FIG. 4 is a schematic cross sectional view of the touch screen panel manufactured in accordance with the subject invention after firing;

FIG. 5 is a cross sectional view of another touch screen panel manufactured in accordance with the subject invention;

FIG. 6 is a cross sectional view of a touch screen panel manufactured in accordance with the subject invention wherein a laser is used to electrically isolate the wire traces from the edge electrodes;

FIG. 7 is a cross sectional schematic view of a touch screen in accordance with the subject invention wherein the material of the wire traces does not contain an additive and thus the wire traces do not etch through the hard coat layer to provide electrical isolation between the wire traces and the edge electrodes;

FIG. 8 is a cross sectional schematic view of a touch screen in accordance with the subject invention wherein a dielectric layer is located between the wire traces and the edge electrodes to provide electrical isolation; and

FIG. 9 is a cross sectional schematic view of a touch screen in accordance with the subject invention wherein the wire traces are located over the edge electrodes and electrically isolated therefrom by the addition of a dielectric layer.

DISCLOSURE OF THE PREFERRED EMBODIMENT

As explained in the Background section above, typical touch screen panel 10, FIG. 1 includes insulative glass substrate 12 coated on surface 14 with resistive layer 32, FIG. 2 (e.g., tin antimony oxide). Conductive edge electrode pattern 16 and wire traces 18, 20, 22, and 24 are then formed on the periphery on panel 10 as shown by screen printing a thick-film conductive silver/frit paste (e.g., Dupont 7713 or Ferro 3350). Various patterns for the edge electrodes include those of U.S. Pat. Nos. 4,198,539; 4,293,734; or 4,371,746 and also U.S. patent application Ser. No. 09/169,391 all incorporated herein by this reference. Other methods of depositing the edge electrodes and wire trace patterns and isolating the edge electrodes from the wire traces and also isolating adjacent wire traces from each other are disclosed in application Ser. Nos. 09/775,253 and 09/773,979 incorporated herein by this reference.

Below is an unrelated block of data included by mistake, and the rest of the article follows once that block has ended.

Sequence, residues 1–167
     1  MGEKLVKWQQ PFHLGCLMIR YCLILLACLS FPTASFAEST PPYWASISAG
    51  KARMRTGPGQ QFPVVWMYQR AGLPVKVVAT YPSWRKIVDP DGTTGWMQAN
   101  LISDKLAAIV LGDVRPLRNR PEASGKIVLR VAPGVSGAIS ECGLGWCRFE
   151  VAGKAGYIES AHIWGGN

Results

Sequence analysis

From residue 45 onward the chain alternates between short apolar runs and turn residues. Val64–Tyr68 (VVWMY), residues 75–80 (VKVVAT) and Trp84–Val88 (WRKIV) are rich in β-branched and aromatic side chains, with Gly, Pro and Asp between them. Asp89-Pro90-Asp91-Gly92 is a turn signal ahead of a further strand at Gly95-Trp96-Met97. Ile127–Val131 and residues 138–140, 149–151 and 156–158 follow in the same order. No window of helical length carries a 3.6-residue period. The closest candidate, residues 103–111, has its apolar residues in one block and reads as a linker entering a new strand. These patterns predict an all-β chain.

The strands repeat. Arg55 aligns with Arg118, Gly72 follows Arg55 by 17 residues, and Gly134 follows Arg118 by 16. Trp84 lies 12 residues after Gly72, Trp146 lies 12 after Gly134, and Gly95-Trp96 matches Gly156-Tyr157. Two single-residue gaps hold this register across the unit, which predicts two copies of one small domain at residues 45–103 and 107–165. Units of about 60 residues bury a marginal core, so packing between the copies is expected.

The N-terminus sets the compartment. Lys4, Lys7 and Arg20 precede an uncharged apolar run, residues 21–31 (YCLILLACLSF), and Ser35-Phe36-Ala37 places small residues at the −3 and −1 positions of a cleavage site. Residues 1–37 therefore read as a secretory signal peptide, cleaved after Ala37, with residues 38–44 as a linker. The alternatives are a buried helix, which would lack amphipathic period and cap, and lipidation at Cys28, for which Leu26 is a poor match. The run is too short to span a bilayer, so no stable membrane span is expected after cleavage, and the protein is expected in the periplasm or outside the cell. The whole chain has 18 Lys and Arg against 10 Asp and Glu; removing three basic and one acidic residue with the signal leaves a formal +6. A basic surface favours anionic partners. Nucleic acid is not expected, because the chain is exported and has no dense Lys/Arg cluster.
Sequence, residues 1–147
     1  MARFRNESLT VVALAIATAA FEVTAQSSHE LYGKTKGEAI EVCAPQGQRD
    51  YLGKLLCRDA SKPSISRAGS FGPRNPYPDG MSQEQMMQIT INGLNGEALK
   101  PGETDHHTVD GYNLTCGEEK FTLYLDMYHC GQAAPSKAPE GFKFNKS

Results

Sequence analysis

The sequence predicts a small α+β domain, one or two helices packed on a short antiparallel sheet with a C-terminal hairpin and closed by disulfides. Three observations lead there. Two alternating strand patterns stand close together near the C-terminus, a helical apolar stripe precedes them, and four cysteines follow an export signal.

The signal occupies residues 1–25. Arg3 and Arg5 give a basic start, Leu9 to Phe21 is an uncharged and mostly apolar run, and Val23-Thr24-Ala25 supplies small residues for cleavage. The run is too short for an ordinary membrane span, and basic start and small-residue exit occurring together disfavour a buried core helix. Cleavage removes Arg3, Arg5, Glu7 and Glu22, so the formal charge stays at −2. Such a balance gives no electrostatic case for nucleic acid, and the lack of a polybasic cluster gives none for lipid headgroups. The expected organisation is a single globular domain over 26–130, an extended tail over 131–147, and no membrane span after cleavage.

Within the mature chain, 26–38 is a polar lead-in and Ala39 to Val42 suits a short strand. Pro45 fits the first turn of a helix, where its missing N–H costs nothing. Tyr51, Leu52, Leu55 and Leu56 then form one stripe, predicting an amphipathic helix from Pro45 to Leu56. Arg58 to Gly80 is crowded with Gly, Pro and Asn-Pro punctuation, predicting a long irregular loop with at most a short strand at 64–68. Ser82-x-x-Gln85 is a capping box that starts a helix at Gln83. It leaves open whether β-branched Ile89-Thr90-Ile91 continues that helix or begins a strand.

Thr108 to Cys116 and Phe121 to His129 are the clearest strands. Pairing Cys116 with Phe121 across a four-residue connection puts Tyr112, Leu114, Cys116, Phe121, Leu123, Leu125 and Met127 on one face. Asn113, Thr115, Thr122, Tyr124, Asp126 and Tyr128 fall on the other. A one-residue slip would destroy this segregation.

In the prior art, transparent SiO2 hard coat layer 30, FIG. 2 is applied over the panel by dipping, spraying, or other coating techniques. But, due to the thickness of the edge electrodes as shown at 36 and 38, the hard coat is not planar and rises up at the edges of the panel. Unacceptable color variations which result from interference patterns at the rises as shown at 36 and 38 are a major yield issue of capacitive touch screens incorporating SiO2 transparent hard coatings applied by wet chemical processes. These variations are due to SiO2 transparent hard coating thickness variations in close proximity to the thick-film edge electrode and wire trace patterns. This is caused by liquid coating solution damming and draining around the thick-film pattern applied to the perimeter of the touch screen and results in local areas of the coated surface that are thicker than the mean deposition thickness. The thickness variation manifests itself as an unacceptable color band which is considered to be a cosmetic defect. Moreover, the chemical interaction between the material of the edge electrodes and the wire traces and the SiO2 transparent hard coating during densification of the SiO2 hard coating results in cracking and islanding of the thick-film material of the edge electrodes and the wire traces which can cause functional failures. The mechanical stress on the thick-film material during densification of the SiO2 hard coating material can also lead to cracking and islanding type functional failures of the edge electrode and/or wire trace pattern material.